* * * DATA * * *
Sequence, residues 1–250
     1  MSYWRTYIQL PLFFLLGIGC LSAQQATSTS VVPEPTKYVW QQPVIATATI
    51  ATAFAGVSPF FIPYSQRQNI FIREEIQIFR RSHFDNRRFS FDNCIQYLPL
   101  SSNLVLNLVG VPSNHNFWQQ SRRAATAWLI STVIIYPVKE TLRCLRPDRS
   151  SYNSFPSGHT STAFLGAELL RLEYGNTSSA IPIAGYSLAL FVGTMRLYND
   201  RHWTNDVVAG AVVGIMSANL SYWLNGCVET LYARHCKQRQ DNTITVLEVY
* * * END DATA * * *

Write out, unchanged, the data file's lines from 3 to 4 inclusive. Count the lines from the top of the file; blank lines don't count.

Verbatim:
    51  ATAFAGVSPF FIPYSQRQNI FIREEIQIFR RSHFDNRRFS FDNCIQYLPL
   101  SSNLVLNLVG VPSNHNFWQQ SRRAATAWLI STVIIYPVKE TLRCLRPDRS